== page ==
And in the hearing of all the people he said to his disciples, “Beware of the scribes, who like to walk around in long robes, and love greetings in the marketplaces and the best seats in the synagogues and the places of honor at feasts, who devour widows’ houses and for a pretense make long prayers. They will receive the greater condemnation.” (Luke 20:45-47 ESV)

Matthew 23 is a litany of woes and declarations against the Scribes and Pharisees. “Then Jesus said to the crowds and to his disciples, “’The scribes and the Pharisees sit on Moses’ seat, so do and observe whatever they tell you, but not the works they do. For they preach, but do not practice’”    (Matthew 23:1-3 ESV). Jesus presents the evidence that those who are tasked with leading people toward God actually lead them away from God.

God will not tolerate those who change His words and turn worshipping Him into idolatry. Their leading and teaching bring death not life. They have turned the truth into a lie and speak the lies to a people eager to hear them and believe anything but truth.

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The Narrow and Straight

Lead me, O LORD, in your righteousness because of my enemies; make your way straight before me.(Psalm 5:8 ESV)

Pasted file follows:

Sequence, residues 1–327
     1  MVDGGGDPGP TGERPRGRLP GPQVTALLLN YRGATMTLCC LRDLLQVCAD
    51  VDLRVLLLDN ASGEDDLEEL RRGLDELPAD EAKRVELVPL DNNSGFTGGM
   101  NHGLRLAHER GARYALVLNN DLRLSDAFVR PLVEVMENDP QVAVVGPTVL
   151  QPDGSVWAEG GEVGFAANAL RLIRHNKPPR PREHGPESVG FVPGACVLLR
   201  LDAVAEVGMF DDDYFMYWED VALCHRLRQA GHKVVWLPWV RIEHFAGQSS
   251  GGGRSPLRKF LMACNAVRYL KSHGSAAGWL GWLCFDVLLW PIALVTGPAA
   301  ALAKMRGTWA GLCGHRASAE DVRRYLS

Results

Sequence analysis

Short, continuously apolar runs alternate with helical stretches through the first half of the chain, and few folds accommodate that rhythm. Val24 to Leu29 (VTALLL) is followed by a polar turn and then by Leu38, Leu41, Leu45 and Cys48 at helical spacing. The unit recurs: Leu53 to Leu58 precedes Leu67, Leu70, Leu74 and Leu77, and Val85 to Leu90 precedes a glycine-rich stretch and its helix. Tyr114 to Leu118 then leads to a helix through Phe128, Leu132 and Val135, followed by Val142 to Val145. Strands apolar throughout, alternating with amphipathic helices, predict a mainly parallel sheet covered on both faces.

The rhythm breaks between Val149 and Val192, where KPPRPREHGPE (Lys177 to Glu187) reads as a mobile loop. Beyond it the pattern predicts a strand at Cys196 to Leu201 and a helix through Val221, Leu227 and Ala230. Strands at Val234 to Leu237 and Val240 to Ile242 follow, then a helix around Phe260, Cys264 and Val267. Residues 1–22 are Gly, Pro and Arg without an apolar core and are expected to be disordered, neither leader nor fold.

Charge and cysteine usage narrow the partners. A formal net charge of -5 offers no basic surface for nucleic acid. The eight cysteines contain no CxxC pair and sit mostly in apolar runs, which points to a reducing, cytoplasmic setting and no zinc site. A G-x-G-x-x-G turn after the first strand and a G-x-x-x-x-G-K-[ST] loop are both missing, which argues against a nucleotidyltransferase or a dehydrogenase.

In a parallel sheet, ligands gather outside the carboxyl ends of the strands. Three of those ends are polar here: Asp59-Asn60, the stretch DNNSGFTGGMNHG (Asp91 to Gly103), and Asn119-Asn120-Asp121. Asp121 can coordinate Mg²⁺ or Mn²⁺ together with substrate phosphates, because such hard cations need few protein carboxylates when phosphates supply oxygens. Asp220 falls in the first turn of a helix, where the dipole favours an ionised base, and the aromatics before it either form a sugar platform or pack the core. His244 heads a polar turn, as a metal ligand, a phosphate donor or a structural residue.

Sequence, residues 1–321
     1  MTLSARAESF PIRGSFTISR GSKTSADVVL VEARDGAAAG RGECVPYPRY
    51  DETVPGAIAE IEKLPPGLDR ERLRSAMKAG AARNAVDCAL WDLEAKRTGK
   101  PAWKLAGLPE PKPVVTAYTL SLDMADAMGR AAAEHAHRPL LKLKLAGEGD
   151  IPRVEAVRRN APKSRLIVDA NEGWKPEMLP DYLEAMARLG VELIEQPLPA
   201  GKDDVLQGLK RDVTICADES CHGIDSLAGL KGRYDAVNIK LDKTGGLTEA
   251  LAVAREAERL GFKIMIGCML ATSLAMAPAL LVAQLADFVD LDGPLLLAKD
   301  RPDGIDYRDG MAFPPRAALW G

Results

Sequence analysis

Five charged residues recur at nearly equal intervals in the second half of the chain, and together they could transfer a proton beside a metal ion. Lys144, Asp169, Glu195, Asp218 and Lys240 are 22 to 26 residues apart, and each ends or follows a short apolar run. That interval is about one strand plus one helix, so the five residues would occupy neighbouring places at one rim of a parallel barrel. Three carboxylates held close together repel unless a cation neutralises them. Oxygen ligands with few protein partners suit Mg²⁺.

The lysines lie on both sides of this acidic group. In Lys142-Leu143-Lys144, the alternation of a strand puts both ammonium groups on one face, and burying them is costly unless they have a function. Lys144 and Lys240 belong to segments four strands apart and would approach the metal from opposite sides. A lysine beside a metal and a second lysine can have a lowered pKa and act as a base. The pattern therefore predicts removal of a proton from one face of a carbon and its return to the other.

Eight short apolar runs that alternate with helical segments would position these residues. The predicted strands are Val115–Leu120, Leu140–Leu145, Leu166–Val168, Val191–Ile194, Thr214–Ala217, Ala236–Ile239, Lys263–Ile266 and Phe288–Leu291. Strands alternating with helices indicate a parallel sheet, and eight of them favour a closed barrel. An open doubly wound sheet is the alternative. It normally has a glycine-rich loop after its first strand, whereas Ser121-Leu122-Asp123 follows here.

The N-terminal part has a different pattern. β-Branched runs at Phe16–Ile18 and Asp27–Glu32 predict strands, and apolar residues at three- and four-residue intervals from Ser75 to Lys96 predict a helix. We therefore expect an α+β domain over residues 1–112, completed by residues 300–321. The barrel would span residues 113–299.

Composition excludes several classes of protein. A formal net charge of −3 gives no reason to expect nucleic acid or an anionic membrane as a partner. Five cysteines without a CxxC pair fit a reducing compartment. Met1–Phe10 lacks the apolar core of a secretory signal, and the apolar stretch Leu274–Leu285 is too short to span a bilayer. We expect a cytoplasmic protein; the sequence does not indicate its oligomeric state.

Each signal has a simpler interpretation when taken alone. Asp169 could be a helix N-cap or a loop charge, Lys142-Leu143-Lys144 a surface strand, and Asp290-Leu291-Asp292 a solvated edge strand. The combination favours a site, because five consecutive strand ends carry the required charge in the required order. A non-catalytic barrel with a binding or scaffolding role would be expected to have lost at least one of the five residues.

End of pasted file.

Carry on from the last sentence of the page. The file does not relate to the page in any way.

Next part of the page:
There is a spiritual pathway that leads to God’s Kingdom. It is narrow, sometimes meandering, straight in other places, steep in some, and impossible to traverse without the leading and direction of the Holy Spirit. People start their journey along this route carrying everything they deem valuable. As they walk, they lose stuff that has no eternal value. At the end of the path is a gate, small and narrow which allows only the traveller called by God to enter. They may carry nothing through that gate which belongs in the world. Their old self cannot enter, either. 

“Truly, I say to you, only with difficulty will a rich person enter the kingdom of heaven. Again I tell you, it is easier for a camel to go through the eye of a needle than for a rich person to enter the kingdom of God.” (Matthew 19:23-24 ESV; see Mark 10:24-25, Luke 18:24-25)